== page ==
• Methods

    ICPSR data undergo a confidentiality review and are altered when necessary to limit the risk of disclosure. ICPSR also routinely creates ready-to-go data files along with setups in the major statistical software formats as well as standard codebooks to accompany the data. In addition to these procedures, ICPSR performed the following processing steps for this data collection: Created online analysis version with question text.; Checked for undocumented or out-of-range codes..
  • Table of Contents


    • DS0: Study-Level Files
    • DS1: Batch Header Segment 1
    • DS2: Batch Header Segment 2
    • DS3: Batch Header Segment 3
    • DS4: Administrative Segment
    • DS5: Offense Segment
    • DS6: Property Segment
    • DS7: Victim Segment
    • DS8: Offender Segment
    • DS9: Arrestee Segment
    • DS10: Group B Arrest Report Segment
    • DS11: Window Exceptionally Cleared Segment
    • DS12: Window Recovered Property Segment
    • DS13: Window Arrestee Segment
Temporal Coverage
  • Time period: 2001
  • Collection date: 2001
Geographic Coverage
  • United States
Sampled Universe
Law enforcement agencies in the United States participating in the National Incident-Based Reporting System.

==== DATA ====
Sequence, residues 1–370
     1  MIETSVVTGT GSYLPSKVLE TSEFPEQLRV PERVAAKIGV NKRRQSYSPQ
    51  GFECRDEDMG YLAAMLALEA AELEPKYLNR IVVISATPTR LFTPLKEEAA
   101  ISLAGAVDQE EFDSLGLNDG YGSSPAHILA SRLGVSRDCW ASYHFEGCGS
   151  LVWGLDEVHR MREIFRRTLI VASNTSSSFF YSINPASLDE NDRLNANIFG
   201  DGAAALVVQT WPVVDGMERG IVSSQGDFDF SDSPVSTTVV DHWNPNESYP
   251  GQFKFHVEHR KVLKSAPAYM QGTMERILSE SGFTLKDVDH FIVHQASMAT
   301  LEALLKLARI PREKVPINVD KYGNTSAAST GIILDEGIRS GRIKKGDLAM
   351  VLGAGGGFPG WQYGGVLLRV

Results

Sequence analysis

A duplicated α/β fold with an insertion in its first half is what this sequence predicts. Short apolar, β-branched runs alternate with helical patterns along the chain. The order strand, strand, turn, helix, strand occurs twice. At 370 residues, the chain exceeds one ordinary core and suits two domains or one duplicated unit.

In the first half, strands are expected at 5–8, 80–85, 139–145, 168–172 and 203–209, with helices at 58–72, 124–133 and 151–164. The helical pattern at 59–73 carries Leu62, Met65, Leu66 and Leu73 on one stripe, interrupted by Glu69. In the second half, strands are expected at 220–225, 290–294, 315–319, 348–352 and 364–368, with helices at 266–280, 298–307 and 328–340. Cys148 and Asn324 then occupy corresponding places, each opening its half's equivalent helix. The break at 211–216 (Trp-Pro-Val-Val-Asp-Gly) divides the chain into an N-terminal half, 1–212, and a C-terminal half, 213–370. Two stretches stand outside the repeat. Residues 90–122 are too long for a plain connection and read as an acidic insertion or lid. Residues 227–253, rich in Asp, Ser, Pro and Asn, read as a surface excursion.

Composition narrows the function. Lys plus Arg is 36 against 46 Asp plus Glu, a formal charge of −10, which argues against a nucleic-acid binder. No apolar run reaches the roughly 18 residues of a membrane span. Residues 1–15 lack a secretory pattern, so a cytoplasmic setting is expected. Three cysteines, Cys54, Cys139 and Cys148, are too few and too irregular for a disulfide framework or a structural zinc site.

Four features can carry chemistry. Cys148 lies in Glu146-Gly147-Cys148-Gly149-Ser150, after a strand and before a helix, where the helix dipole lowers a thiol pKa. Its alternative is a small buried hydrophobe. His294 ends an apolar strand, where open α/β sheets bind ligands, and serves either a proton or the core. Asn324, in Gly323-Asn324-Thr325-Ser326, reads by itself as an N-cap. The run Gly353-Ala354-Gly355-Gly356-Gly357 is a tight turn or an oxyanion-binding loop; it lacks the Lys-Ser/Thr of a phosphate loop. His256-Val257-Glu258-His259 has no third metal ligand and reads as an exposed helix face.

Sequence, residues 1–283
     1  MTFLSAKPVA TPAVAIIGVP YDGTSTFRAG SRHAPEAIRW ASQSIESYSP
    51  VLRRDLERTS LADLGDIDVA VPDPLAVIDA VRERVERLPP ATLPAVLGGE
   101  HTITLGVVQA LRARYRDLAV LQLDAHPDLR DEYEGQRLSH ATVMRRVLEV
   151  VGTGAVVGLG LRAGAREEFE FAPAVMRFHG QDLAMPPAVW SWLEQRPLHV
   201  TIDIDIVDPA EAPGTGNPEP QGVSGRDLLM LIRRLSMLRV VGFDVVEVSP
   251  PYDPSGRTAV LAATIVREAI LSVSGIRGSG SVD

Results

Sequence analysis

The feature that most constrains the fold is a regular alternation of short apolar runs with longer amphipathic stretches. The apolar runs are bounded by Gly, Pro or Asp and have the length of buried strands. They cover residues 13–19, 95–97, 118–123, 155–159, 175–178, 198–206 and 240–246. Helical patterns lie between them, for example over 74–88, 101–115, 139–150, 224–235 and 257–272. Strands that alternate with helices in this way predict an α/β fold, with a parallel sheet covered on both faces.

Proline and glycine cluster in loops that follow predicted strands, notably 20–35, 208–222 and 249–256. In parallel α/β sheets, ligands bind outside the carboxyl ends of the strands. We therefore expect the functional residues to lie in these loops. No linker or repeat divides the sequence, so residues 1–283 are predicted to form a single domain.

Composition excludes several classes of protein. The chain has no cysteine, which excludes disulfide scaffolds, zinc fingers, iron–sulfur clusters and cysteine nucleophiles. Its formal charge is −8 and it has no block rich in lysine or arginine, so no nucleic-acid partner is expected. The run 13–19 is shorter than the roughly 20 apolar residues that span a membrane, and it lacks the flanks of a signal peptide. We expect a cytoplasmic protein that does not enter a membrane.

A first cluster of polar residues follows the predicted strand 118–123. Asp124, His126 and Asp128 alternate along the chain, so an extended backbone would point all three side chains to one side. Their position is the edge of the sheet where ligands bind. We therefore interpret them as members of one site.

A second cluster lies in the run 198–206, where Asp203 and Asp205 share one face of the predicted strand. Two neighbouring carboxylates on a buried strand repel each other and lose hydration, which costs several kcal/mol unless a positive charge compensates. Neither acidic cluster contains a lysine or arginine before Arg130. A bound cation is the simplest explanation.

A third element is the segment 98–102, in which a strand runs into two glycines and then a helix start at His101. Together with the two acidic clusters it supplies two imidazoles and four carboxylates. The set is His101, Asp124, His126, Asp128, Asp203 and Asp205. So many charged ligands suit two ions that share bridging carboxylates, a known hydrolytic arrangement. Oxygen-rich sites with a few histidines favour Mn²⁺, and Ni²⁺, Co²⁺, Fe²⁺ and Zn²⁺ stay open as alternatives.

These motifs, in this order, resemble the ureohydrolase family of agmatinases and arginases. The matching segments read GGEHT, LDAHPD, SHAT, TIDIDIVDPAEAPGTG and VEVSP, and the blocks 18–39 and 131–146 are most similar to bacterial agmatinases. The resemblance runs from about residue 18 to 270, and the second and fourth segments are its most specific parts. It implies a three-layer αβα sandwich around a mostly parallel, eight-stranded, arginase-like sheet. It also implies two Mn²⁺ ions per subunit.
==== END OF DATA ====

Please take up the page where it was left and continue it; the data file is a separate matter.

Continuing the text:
2007-03-19 The data were updated to remove duplicate records.2006-03-30 File CB3829.ALL.PDF was removed from any previous datasets and flagged as a study-level file, so that it will accompany all downloads.2005-11-04 On 2005-03-14 new files were added to one or more datasets. These files included additional setup files as well as one or more of the following: SAS program, SAS transport, SPSS portable, and Stata system files. The metadata record was revised 2005-11-04 to reflect these additions. Funding insitution(s): United States Department of Justice. Federal Bureau of Investigation. United States Department of Justice. Office of Justice Programs. Bureau of Justice Statistics.
This version of the study is no longer available on the web. If you need to acquire this version of the data, you have to contact ICPSR User Support (
Alternative Identifiers
  • 3829 (Type: ICPSR Study Number)
  • Is previous version of
    DOI: 10.3886/ICPSR03829.v2
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  • Krienert, Jessie L., Walsh, Jeffrey A.. Sibling sexual abuse: An empirical analysis of offender, victim and event characteristics in National Incident-Based Reporting System (NIBRS) data 2000-2007. Journal of Child Sexual Abuse.20, (4), 353-372.2011.